An Elizabeth II Coronation Royal Coat of Arms, 1953
An Elizabeth II Coronation Royal Coat of Arms, 1953
An Elizabeth II Coronation Royal Coat of Arms, 1953
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An Elizabeth II Coronation Royal Coat of Arms, 1953

SOLD
Tax included.

Provenance: Estate of Mary Millar Watt (1924-2023)

Overall: 77cm (30.3in) x 77cm (30.3in)

Oil on canvas. A representation of the Royal arms for the young Queen Elizabeth II (1926- 2022) featuring the Tudor Crown.

The Royal Arms of the United Kingdom - viz Quarterly, First and Fourth Gules three lions passant guardant in pale Or armed and langued Azure (for England), Second quarter Or a lion rampant within a double tressure flory counter-flory Gules (for Scotland), Third quarter Azure a harp Or stringed Argent (for Ireland), the whole surrounded by the Garter; for a Crest, upon the Royal helm the imperial crown Proper, thereon a lion statant guardant Or imperially crowned Proper; Mantling Or and ermine; for Supporters, dexter a lion rampant guardant Or crowned as the Crest, sinister a unicorn Argent armed, crined and unguled Proper, gorged with a coronet Or composed of crosses patée and fleurs de lys a chain affixed thereto passing between the forelegs and reflexed over the back also Or; Motto 'Dieu et mon Droit’.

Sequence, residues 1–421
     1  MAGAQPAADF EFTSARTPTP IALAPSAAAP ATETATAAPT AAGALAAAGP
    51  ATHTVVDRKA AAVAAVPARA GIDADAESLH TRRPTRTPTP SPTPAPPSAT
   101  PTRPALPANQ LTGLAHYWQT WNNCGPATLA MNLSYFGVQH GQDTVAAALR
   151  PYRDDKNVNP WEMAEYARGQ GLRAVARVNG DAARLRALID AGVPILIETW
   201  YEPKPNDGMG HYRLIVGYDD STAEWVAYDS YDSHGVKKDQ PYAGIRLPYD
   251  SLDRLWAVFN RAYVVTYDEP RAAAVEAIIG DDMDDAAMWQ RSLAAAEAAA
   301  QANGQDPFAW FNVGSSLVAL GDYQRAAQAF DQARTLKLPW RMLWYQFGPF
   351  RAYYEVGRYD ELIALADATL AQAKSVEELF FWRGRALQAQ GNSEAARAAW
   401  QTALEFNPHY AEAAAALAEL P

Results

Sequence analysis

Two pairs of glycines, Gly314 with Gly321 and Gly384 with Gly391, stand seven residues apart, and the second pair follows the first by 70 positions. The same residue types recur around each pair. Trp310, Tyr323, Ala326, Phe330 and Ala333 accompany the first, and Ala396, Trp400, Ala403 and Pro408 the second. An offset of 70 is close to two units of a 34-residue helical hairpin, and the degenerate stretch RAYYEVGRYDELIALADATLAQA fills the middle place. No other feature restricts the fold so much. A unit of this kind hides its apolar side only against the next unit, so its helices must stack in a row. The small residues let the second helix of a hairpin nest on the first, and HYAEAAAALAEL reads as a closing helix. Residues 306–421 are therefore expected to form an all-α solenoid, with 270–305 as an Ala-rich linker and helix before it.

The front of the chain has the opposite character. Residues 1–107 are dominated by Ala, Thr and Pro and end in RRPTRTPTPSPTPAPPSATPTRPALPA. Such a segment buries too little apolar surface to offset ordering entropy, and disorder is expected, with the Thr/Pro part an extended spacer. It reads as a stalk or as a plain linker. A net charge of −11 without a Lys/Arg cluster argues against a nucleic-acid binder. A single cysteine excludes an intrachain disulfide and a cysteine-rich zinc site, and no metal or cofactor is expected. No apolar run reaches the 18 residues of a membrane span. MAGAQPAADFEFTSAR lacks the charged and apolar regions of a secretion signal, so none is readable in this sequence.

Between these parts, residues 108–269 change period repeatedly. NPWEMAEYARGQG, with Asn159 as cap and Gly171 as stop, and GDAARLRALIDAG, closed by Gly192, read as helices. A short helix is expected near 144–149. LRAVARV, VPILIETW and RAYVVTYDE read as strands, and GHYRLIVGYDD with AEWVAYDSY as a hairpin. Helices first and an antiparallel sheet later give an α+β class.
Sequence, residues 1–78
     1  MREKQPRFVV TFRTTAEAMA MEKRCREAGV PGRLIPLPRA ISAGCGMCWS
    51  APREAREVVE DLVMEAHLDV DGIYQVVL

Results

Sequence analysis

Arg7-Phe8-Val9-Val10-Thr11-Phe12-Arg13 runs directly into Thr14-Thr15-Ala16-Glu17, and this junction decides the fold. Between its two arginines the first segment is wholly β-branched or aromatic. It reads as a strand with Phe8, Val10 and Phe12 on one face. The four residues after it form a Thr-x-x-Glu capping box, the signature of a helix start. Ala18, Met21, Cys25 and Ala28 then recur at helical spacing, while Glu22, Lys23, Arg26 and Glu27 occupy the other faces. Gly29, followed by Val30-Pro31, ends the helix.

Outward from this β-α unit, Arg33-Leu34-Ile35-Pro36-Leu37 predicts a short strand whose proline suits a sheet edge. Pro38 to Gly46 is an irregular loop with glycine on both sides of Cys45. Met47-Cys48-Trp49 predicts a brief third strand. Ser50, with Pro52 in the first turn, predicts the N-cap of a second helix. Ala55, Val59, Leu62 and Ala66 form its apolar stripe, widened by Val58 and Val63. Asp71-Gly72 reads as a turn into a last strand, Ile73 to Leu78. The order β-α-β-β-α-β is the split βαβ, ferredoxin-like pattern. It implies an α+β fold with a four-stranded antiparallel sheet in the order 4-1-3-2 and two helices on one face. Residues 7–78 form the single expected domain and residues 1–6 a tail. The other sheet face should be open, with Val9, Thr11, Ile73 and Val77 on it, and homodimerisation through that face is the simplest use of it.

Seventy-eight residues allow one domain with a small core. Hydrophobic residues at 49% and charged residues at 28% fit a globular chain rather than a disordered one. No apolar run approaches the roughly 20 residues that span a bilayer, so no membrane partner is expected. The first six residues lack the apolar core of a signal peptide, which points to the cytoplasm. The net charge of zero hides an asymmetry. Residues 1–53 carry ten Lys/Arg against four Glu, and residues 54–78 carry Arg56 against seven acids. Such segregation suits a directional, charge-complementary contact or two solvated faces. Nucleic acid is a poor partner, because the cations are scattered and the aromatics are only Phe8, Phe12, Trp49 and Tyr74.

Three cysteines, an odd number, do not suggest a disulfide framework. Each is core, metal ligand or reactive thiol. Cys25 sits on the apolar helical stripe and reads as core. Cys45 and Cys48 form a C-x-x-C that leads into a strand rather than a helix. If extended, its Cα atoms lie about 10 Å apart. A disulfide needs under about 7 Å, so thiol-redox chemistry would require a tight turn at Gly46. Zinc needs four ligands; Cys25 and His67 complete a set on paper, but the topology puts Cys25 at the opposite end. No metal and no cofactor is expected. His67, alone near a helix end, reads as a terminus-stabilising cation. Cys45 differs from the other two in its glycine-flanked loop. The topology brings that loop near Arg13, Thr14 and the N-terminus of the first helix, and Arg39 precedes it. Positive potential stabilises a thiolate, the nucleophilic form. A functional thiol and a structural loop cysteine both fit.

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John Millar Watt (1895-1975) was a Scottish-born painter, illustrator and comics artist. He was educated in London at the Sir John Cass Institute and apprenticed to an advertising agency before the First World War. In 1915 he enlisted in the Artists Rifles and was commissioned into the Essex Regiment.  After the war he studied briefly at the Slade and returning to advertising work, supplementing his wages with cartoons for the Daily Chronicle and illustrations for The Sphere. In 1921 he created a long running comic strip for the Daily Sketch that was one of a few to be successfully syndicated in America. Watt also produced a number of strips for rivals D. C. Thomson but from 1949 onwards concentrated on lucrative advertising and illustration work for a range of popular publications.